'Grow with Kivi' tree planting event set for the weekend
SUDBURY -- This coming weekend, Kivi Park in Sudbury is hosting a green event.
Several local businesses have signed up to come out and plant 10,000 trees in two days.
The Kivi forest is a beautiful backdrop for many recreational activities. Officials said the park is the busiest it's been since opening in 2017.
"It's a great time of year to get out and because a lot of things are shut down, we have a lot of people who may not have experienced what Kivi is all about coming and trying it out and really enjoying it said Kerry Lamarche the executive director of Kivi Park.
"With the opening of Crawley Lake in two weeks, we are going to see a lot more, I think, taking in the paddle boarding, kayaking and canoeing that we offer out there."
The tree-planting event has been dubbed Grow with Kivi. In all, 20 local businesses have each donated $500 and volunteers will plant 10,000 trees June 5-6. The Sudbury based company A&M Remediation is supplying the coniferous trees to diversify the northern forest.
"If ever a disease or something ravages a forest or an area that can completely wipe out that whole stand of trees because that monoculture, that one species is susceptible to that disease," said Paul Thususka, president of A&M Remediation,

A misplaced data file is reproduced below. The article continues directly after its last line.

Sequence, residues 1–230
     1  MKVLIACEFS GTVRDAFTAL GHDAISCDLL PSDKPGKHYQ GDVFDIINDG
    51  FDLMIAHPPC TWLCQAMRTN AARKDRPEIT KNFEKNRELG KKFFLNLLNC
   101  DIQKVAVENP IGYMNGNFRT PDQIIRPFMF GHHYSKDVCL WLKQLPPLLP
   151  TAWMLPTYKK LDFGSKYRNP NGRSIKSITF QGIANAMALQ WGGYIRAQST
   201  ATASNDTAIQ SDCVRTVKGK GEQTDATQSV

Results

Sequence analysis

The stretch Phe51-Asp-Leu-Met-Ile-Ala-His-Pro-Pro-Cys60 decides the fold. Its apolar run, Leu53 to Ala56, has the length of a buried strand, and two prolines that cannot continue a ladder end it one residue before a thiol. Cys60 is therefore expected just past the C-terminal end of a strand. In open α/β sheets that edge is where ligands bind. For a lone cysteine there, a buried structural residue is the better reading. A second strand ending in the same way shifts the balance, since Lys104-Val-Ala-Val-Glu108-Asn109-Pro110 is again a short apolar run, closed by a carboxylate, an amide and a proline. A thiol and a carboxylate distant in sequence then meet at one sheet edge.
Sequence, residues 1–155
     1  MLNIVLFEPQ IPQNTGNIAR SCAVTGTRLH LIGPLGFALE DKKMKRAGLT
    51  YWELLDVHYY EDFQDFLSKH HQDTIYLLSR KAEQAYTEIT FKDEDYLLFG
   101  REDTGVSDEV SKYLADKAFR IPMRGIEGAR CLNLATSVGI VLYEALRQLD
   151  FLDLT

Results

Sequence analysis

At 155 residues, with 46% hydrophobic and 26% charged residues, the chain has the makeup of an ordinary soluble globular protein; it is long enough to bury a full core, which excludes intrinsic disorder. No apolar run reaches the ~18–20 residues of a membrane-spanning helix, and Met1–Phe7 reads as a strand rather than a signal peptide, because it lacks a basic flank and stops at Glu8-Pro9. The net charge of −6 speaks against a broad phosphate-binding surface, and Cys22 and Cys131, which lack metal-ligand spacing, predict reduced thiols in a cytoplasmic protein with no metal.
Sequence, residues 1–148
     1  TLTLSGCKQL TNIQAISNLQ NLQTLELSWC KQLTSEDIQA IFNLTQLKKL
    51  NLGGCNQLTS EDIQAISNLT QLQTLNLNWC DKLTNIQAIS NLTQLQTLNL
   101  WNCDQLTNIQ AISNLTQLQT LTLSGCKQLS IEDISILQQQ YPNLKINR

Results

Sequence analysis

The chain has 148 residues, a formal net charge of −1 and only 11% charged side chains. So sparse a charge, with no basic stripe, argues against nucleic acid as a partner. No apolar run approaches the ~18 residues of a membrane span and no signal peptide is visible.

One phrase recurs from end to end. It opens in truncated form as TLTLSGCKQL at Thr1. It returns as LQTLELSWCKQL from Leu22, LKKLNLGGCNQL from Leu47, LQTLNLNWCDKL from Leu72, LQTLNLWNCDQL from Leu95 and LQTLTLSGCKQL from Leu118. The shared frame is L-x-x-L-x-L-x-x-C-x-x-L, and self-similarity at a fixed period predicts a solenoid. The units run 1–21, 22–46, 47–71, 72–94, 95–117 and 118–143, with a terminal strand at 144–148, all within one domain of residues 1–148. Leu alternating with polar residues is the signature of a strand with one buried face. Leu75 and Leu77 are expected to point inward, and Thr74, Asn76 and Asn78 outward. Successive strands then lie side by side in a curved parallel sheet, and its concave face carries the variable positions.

"And there are plenty of bugs and there are plenty of blights that can happen to tree."
In one plot at the park, seedlings that were planted four years ago and are thriving.
"Trees are just awesome, they are cool, they are rooted into the earth and I think that is a connection a lot of people are missing now," said Thususka. "I have three kids of my own, and a lot of times that phone is the greatest connections they have. To get connected to nature, to get connected to the earth, to get connected to a tree is really cool."
Grow with Kivi organizers said 19 businesses have signed up to plant plots and there is only one left.
A&M Remediation has committed to supplying more than 100,000 trees in the next five years to be planted throughout the 480-acre park.